Sunday, August 31, 2014


The last number of weeks have been busy. Let me try and brief you on what's going on:

Last month, I was successful in securing a part time, work from home HR Coordinator internship with a not-for profit organization. If you keep up with my blog, you'll know that I have been a bit frustrated and at a loss as to what or how I should go about securing an HR role, with my main obstacle being my lack of experience.  Thankfully, this company decided to take a chance on me and give me the opportunity to gain some valuable experience which I can put on my resume. This will hopefully help me in the future when it comes to getting a paid, full time role.  So far so good- I really like it. There is a lot of research and learning involved, and I look forward to the next number of months of work with this organization. I am doing this internship in addition to my current/previous job at the bank.

Next, just 2 days ago was my father's official last day on the force-he has finally retired! My dad has been on the force since 1978 and has accomplished such greatness in that time-the type of greatness that could take several lifetimes to achieve.  His work in the community has helped bridge the gap between youth and the police-a relationship that can sometimes be strained due to preconceived notions about what "at-risk" youth OR the police are about. It makes me so happy to have such a positive, strong, and selfless man as my very own father. His retirement party is coming up in a couple of days and it's going to be a big one for sure. After retirement, my dad will still work with the police, but in a chaplaincy capacity.

What a great man.

What a proud daughter.

If you follow me on instagram, you'll likely already know that I went to Florida with my mom and dad in July. It was an absolute great time.  We drove down in the RV. It was amazing for me, as this is the first time I've done something like this since the transplant. What a blessing to be able to do such a thing and not need to worry about coming up with hundreds, even thousands of dollars for dialysis, or worry about getting sick. I didn't get sick once while we were in Florida, on our way there, or on our way home. Again, what a blessing.  The only hiccup we experienced was an issue with our transmission on our way home. We were in Tennessee in the middle of the night when I was woken up by the sound of my mom yelling my name, telling me to "come come come!" The RV was full of smoke. It turns out there was a leak somewhere near the transmission so we were leaking essentially, we were driving this huge RV with no oil in it. We were lucky enough to have been towed to a great repair shop with lovely, honest mechanics who got us up and running in a little over a day. It was an adventure to say the least, and I actually look forward to going back to Tennessee to visit our new friends at the repair shop in the future.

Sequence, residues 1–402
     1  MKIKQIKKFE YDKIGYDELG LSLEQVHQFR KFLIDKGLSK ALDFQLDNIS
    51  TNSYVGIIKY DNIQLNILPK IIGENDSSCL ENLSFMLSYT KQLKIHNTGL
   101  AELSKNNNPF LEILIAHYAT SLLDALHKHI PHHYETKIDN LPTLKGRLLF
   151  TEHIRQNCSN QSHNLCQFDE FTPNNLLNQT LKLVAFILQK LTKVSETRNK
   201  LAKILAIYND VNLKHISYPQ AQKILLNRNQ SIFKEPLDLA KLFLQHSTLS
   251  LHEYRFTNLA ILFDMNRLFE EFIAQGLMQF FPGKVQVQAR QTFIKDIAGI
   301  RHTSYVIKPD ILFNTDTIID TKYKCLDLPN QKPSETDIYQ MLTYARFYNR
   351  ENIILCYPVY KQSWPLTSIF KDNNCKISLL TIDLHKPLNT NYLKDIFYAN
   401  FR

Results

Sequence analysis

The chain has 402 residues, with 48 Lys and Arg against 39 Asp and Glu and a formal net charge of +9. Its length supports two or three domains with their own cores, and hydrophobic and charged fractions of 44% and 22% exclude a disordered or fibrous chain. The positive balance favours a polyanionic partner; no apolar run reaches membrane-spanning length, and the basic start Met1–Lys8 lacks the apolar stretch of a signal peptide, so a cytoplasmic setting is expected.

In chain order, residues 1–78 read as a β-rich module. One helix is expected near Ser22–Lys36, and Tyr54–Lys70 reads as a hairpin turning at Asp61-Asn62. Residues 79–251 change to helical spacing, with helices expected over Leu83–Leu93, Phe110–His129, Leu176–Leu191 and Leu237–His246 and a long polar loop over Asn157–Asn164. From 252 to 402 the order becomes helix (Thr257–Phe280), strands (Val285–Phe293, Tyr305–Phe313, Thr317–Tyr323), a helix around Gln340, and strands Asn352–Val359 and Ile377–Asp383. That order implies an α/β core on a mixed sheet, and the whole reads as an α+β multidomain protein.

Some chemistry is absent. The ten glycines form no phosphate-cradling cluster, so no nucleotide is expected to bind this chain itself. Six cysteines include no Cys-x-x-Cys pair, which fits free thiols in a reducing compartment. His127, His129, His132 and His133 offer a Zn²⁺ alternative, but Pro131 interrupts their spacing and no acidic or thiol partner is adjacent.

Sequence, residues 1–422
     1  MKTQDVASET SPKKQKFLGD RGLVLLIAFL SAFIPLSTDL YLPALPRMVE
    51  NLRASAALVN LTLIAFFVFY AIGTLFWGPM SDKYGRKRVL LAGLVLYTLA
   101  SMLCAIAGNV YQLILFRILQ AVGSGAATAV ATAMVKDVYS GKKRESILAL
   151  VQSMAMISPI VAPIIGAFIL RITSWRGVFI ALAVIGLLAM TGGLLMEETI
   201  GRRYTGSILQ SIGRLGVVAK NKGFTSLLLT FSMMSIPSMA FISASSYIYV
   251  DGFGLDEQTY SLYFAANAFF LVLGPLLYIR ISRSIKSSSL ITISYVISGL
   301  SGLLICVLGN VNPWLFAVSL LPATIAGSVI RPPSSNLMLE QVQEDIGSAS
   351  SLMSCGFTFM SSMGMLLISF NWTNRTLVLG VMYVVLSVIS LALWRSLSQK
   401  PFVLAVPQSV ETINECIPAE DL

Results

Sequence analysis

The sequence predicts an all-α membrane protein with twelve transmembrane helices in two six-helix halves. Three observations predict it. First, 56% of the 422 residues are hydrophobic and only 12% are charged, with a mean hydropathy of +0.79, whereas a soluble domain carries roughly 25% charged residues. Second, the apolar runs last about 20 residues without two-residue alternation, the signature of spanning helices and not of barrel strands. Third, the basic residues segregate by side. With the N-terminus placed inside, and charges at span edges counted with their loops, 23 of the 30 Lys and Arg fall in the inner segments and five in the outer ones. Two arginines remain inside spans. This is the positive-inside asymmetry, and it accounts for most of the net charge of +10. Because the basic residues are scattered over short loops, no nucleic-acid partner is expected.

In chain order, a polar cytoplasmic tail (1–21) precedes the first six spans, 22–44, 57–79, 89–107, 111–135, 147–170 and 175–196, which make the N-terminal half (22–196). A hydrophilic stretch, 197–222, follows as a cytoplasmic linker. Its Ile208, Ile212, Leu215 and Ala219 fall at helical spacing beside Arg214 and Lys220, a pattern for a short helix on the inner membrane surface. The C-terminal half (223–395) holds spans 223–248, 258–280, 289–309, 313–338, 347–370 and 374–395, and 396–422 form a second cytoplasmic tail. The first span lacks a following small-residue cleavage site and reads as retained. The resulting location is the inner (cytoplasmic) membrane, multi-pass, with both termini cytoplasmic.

One of the most important updates-I'm an aunt! My brother and his girlfriend brought my lovely niece, Mia, into the world exactly one month ago. She's an absolute gem-I'll share pictures in the near future! :)

That's all for now I think!

Where did the summer go?? :(

Friday, August 1, 2014

Prescription for Disaster!

Let's face it-the main topic of conversation for my blog is a topic that isn't necessarily the happiest of topics to discuss. In spite of some of the horror stories I've shared, you'll find that often times, I take a humorous approach to my stories. But why would you take a humorous approach to such a thing! This is serious! Well, there are a few answers to that. One, sometimes, some of the stories of things I've been through are so ludicrous that I actually find humour in them. me, at the end of the day, Lupus is something that I'm just going to have to deal with, and if I can't laugh at myself sometimes...c'mon!

This is why I was happier than happy to get my hands on a copy of the book Prescription for Disaster, written by Candace Lafleur!

If you have a chronic illness or a loved one with a chronic illness, you will definitely identify with many of the topics Candace touches on.  I couldn't help but chuckle at some of her stories, as many took me back to times when I've went through similar things.  Candace talks about being in the ward of a hospital and all the characters she has come across because of it. Screaming, complaining old lady? Yup-been there, done that! Dealing with student doctors? Hospital food? C'mon, if you've spent 5 minutes as an in-patient in a hospital, you've dealt with all of these things!

Now, what I really like about this book is the humorous approach that it takes.  Yes, chronic (and acute, for that matter) illnesses are serious, they're bad, they're awful...yeah...we know. But if you've lived it and have experienced the things that come along with it, you'll find that there is actually quite a bit of humour to be found in a lot of the situations we go through and experience.  I talk a lot in my blog about doing your best to remain positive in spite of everything. To me, it's SO important. That said, to me, this book is great for those who can find humour in some of these crazy things that happen, and also to those who perhaps have trouble looking past the negative side. This book will help you see that you're not the only one that these crazy things happen to, and maybe if you looked at it in a different way, you might let loose a chortle which will perhaps lift your spirits a bit! :)

Check it out-you won't be disappointed!

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